Across East Surrey this November as with each November since 1918 there will be dozens of events held commemorating the lives lost and those forever changed in the First World War. This month, to coincide with Remembrance Day, RH History Uncovered looks at the contribution of the East Surrey Regiment in the First World War which saw it suffer horrendous losses on the Western Front.
A century-ago the guns fell silent on the Western Front, bringing an end to four horrible, gruesome and devastating years of conflict. Such was the human scale of the First World War that few communities across Britain were spared the horror of losing a loved one – East Surrey was no different – the area’s men played their part and in great numbers fathers, sons, husbands, brothers and boyfriends would not return to loved ones.
At the outbreak of war, the 1st Battalion of the East Surrey Regiment was in Dublin, however, in little more than 10 days, the battalion had been mobilised and was en route to France. The speed of which the battalion was dispatched is demonstrated that by the end of the first month of the war the regiment was already engaged in battle and would go on to fight Le Cateau, the Marne and the Aisne.
The battalion fought at the infamous Hill 60 near Ypres, this fight saw the members of the battalion win three Victoria Crosses and seven Distinguished Conduct Medals, one recipient of a Victoria Cross was Lieutenant George Roupell who would go on to become the last colonel of the East Surrey Regiment before in 1959 it merged with The Queen’s Royal Regiment to form the Queen’s Royal Surrey Regiment.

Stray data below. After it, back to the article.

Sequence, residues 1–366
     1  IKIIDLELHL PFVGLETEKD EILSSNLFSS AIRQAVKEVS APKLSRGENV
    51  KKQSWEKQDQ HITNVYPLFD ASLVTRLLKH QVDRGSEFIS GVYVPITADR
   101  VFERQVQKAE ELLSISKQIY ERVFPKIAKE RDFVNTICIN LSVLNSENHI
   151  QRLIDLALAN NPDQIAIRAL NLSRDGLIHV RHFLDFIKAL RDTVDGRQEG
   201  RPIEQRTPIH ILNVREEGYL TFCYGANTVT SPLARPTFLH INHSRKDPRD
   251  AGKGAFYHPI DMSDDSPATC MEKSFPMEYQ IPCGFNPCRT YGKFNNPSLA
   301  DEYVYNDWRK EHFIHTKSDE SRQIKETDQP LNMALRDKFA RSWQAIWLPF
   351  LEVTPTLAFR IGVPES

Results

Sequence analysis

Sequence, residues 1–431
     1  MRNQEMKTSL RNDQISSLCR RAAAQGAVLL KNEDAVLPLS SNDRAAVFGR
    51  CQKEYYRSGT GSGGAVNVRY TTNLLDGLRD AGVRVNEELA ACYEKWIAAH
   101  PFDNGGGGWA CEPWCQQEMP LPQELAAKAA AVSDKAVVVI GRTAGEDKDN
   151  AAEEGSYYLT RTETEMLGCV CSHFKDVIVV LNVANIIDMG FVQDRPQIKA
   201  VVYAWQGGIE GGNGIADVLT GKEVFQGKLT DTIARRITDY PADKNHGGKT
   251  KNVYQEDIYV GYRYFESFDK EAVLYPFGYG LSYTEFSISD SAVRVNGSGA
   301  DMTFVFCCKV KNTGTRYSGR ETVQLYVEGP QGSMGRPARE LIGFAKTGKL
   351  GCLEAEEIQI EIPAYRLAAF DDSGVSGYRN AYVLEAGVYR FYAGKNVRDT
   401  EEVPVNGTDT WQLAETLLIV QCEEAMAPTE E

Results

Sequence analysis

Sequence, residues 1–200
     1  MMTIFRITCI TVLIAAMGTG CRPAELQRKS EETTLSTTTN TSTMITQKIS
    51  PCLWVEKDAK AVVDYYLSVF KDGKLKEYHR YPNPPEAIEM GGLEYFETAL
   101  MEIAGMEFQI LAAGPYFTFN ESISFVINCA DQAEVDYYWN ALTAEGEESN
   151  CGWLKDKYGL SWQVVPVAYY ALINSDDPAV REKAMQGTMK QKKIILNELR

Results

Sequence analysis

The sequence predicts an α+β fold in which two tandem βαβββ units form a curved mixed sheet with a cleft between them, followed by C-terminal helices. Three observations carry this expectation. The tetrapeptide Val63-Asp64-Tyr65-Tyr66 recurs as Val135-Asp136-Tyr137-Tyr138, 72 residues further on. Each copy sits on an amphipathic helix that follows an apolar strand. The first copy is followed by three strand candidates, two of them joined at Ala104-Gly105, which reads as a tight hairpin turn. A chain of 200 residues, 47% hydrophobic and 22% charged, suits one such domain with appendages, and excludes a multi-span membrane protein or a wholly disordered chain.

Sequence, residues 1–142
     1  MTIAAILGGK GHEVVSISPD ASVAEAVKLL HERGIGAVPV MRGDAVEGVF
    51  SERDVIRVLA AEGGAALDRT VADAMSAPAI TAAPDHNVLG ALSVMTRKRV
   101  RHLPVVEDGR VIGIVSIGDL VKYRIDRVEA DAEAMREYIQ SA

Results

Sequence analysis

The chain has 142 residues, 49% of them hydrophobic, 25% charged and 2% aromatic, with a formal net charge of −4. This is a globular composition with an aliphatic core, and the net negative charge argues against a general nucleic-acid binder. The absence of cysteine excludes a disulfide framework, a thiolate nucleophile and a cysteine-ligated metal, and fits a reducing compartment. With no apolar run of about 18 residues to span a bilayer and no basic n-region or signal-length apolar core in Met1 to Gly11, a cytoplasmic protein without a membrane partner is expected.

The horrific and graphic casualty figures from this action on the Western Front it is thought left 113 dead and more than 165 wounded. In 1916, the battalion took part in battles of the Somme, and Morval, before, in 1917 fighting at Arras, the Third Battle of Ypres and Passchendaele. The battalion spent four months on the Italian Front before returning to France in March 1918 to fight at the Battles of Albert and Bapaume.
The 2nd Battalion of the East Surrey Regiment arrived in France in 1915 having been in India, in France the battalion suffered losses as the result of poison gas. The battalion suffered horrendous losses in the space of a week, in the Battle of St Julien 141 were killed and 256 wounded which was followed by the loss of 100 troops and 133 casualties. The battalion was later transferred to the Macedonian Front.
East Surrey’s Territorial battalions did not see action on the Western Front, instead they were stationed in India on garrison duties in the United Provinces and the Punjab region. The East Surrey Regiment’s seven non-regular battalions took part in the battles across France including the battles of the Somme as well as battles such as Arras, the Scarpe, the Third Battle of Ypres, St Quetin, Albert and Cambrai.
By Jacob White